[Development] Online installer no longer lets users choose between Qt 5.3.0 and Qt 5.3.1
Sze Howe Koh
szehowe.koh at gmail.com
Wed Jul 16 16:03:19 CEST 2014
On 7 July 2014 19:11, Frederik Gladhorn <frederik.gladhorn at digia.com> wrote:
> Mandag 7. juli 2014 10.02.55 skrev Ziller Eike:
>> On Jul 7, 2014, at 11:17 AM, Frederik Gladhorn <frederik.gladhorn at digia.com>
>> > Mandag 7. juli 2014 07.10.00 skrev Koehne Kai:
>> >>> No. When running an installer (online or offline), Qt Creator is a
>> >>> compulsory component (although Qt itself is non-compulsory). I remember
>> >>> someone saying that Qt Creator is made compulsory because of
>> >>> interdependencies between the Maintenance Tool and Qt Creator.
>> >>> What are these dependencies? I'm willing to have a go at reducing this
>> >>> coupling, if I know where to look. I believe one of them is for the
>> >>> installer to register "auto-detected" kits. Instead of having the
>> >>> installer perform this registration, would it make sense for it to
>> >>> simply
>> >>> add a "search path" to a global Qt Creator config file, and let Qt
>> >>> Creator search for and register new copies of Qt at startup?
>> >> Registration of Qt versions, kits, and toolchains is indeed the primary
>> >> problem. We call Qt Creator's sdktool.exe in the
>> >> installation/deinstallation scripts of the Qt versions & the mingw
>> >> toolchains .
>> >> I'm not sure doing too much (file system) magic on Qt Creator startup
>> >> though is the right thing to do, since it will slow down every launch.
>> >> Alternatives that have been discussed in the past:
>> >> 1. Move the sdktool.exe out of the Qt Creator package, into a separate
>> >> one,
>> >> and only make this one mandatory. That means though we'd need to ship
>> >> separate Qt libraries for this tool only, effectively increasing the size
>> >> of a 'default' installation.
>> >> 2. Don't deregister/register toolchains and kits in the qt packages, but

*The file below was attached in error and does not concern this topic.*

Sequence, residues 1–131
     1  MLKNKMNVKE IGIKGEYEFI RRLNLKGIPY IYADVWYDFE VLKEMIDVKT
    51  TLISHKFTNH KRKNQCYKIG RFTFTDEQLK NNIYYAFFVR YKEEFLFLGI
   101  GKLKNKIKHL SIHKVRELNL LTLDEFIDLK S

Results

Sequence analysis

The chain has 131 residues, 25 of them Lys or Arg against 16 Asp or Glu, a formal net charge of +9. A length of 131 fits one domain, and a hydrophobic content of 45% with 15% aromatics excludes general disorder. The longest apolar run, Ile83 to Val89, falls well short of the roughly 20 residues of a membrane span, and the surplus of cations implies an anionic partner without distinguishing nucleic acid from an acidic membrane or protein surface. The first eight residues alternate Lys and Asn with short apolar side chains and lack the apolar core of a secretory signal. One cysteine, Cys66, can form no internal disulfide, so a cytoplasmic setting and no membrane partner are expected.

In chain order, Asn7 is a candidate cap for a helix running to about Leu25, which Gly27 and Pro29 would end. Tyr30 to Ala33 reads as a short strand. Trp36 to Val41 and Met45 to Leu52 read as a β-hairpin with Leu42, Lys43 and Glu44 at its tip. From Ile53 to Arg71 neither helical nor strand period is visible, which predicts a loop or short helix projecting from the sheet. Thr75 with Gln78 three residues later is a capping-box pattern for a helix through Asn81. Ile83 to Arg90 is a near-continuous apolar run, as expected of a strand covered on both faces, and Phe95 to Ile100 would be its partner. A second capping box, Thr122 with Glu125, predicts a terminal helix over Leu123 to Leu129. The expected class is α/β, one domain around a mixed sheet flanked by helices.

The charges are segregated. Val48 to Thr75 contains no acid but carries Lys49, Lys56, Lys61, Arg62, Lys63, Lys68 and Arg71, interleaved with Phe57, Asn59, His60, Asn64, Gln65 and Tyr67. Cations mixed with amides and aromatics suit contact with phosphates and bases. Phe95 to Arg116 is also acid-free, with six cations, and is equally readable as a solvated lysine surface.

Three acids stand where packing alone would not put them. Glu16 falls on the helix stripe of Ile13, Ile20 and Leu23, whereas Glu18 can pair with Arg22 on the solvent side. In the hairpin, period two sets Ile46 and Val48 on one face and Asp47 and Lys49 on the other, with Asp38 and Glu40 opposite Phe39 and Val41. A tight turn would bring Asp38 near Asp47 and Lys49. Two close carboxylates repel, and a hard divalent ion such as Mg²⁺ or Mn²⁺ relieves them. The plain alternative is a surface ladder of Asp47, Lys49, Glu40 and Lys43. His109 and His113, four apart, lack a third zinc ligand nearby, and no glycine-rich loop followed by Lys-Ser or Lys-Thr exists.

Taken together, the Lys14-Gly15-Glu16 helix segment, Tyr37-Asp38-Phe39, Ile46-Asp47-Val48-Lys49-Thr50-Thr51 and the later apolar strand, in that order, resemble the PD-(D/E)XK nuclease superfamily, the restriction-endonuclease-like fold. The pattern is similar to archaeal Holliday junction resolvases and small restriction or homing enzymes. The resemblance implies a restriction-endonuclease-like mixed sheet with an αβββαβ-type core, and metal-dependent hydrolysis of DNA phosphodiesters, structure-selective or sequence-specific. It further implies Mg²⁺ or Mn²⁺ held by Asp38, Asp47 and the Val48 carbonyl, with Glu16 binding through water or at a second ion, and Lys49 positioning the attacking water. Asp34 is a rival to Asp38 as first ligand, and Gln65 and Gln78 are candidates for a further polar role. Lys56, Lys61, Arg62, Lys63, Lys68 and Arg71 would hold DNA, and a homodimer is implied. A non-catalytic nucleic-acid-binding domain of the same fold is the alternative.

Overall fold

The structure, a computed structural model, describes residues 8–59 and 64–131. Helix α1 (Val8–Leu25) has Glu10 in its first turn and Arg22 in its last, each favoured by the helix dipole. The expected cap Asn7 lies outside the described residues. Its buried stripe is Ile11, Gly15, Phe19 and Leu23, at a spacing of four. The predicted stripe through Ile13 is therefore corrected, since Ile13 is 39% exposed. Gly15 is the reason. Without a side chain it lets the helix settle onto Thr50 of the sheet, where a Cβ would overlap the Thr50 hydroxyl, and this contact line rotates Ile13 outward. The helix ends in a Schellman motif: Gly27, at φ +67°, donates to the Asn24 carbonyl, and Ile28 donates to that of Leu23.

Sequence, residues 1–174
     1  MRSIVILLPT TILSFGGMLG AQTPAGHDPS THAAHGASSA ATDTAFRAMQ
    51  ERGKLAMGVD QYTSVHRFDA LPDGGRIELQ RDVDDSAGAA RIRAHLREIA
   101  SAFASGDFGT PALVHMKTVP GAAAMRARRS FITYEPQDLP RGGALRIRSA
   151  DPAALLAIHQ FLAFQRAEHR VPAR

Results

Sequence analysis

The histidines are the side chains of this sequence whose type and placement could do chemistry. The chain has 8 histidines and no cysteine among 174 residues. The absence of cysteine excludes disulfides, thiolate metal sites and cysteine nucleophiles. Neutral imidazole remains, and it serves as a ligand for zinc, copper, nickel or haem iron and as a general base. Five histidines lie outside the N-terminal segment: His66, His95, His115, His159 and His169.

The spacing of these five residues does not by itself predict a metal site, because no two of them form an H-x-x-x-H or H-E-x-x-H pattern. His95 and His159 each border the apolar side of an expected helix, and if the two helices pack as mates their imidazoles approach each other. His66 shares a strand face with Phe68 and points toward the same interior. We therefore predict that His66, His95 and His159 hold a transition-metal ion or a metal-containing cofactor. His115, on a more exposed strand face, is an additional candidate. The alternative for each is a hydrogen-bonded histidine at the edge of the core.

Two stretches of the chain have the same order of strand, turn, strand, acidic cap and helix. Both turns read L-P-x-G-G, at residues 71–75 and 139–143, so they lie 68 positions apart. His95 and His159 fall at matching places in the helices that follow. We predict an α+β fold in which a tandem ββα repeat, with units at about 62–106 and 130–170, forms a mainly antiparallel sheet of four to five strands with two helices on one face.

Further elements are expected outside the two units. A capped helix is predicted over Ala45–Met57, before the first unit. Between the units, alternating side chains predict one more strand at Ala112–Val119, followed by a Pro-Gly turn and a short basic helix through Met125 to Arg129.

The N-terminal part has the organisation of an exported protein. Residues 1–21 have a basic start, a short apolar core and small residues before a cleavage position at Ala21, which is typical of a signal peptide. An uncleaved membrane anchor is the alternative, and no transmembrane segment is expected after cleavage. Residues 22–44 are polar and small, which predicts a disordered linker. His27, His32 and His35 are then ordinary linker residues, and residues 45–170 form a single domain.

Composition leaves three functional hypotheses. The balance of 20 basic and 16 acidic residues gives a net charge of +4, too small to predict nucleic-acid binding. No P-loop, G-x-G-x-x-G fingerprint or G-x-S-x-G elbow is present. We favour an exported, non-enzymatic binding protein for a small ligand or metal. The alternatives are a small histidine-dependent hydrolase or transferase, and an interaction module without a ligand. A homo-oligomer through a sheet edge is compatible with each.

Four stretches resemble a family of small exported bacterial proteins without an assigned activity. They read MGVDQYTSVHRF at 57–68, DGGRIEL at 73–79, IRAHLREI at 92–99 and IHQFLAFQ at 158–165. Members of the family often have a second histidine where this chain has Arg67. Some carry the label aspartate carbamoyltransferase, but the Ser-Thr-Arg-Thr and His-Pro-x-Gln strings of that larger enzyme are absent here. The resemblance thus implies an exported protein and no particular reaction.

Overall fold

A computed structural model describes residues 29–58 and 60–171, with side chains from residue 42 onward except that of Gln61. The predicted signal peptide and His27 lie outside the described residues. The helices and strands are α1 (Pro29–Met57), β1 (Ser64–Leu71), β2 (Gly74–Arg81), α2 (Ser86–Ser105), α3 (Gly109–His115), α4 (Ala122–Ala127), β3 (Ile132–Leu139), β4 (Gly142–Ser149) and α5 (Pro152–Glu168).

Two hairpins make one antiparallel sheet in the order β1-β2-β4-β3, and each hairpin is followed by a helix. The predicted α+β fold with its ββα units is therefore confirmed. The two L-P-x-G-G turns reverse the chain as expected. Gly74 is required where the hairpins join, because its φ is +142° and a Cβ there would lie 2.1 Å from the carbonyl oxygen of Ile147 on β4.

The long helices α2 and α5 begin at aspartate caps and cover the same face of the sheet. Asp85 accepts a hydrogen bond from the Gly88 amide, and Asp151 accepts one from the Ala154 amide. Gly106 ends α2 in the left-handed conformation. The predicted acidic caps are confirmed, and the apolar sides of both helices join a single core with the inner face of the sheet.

>> >> in
>> >> separate virtual (i.e., hidden) packages that are only installed if both
>> >> the resp. Qt version package and the Qt Creator package gets installed
>> >> (AutoDependOn in IFW speak). This will only be a workaround though for
>> >> new
>> >> packages ... already released qt versions will still have a hard
>> >> dependency
>> >> on Qt Creator.
>> >> 3. Accept the fact that, if people first install a Qt version / toolchain
>> >> and _later on_ install Qt Creator, the toolchain & Qt version won't show
>> >> up.
>> > 4. I still think on Windows using the registry would be the way around
>> > this. On Linux and Mac the respective .config dirs. Python for examples
>> > does this on installation on Windows and can then be found by looking it
>> > up in the registry.
>> > This solution is imho portable and allows all Qt versions to be found by
>> > all Creator instances as well as other tools (qtchooser would be a good
>> > candidate to make use of the same mechanism).
>> Since there are no “system wide” config dirs that would mean using something
>> like /etc (/opt ? /usr/local?) on Linux, /Library/Preferences on Mac, and
>> “current_machine” registry on Windows for “system wide” installations, and
>> “.config” on Unix and “current_user” registry on Windows for “user”
> Qt should offer a good enough settings API for this. That said, I guess it's
> currently not the case and we should polish/rewrite/replace/extend QSettings
> to make it work.
Not quite system-wide, but Qt Creator already uses a profile-wide
config dir, no? I was under the impression that
%APPDATA%/Roaming/QtProject was the place where all Qt Creator
instances store their settings (on Windows).
>> That would make things much more complicated, and possibly force that
>> information to be compatible between versions of Qt Creator (it’s btw not
>> only about Qt versions here, also all the other things that are specified
>> for kits).
> This is a valid point. I wonder if it wouldn't be possible to use XML/JSON in
> a way that it's extensible enough. Worst case the settings need a migration
> path to newer versions - many tools do that - let you upgrade but now
> downgrade. Should you then want to downgrade to older Qt Creator versions you
> may have to re-configure the kits.
I think that's a reasonable compromise. I don't imagine that
downgrading Qt Creator would be a frequent activity, especially after
it becomes a deselectable component of Qt installers.
>> Also, I currently have 5 offline Qt installers installed simultaneously for
>> testing. Using a “machine/user wide” registration mechanism, instead of an
>> “installation wide” registration mechanism would basically disallow that.
> I think we (those developping Qt and Creator etc.) are still the minority and
> will always have special setups. The question is if we aim at getting the
> experience right for ourselves or everyone else first.
+1 This discussion stemmed from user experience issues.
Developer experience is still a very nice thing to have though.
Perhaps we can make a little tool which lets us stash existing
settings before installing a new build of Qt Creator?
> From a user point of view, I'd happily have one current and great Qt Creator
> installation which let's me easily switch between all the Qt versions I have
> installed on my system. I don't see why this wouldn't be a good thing.
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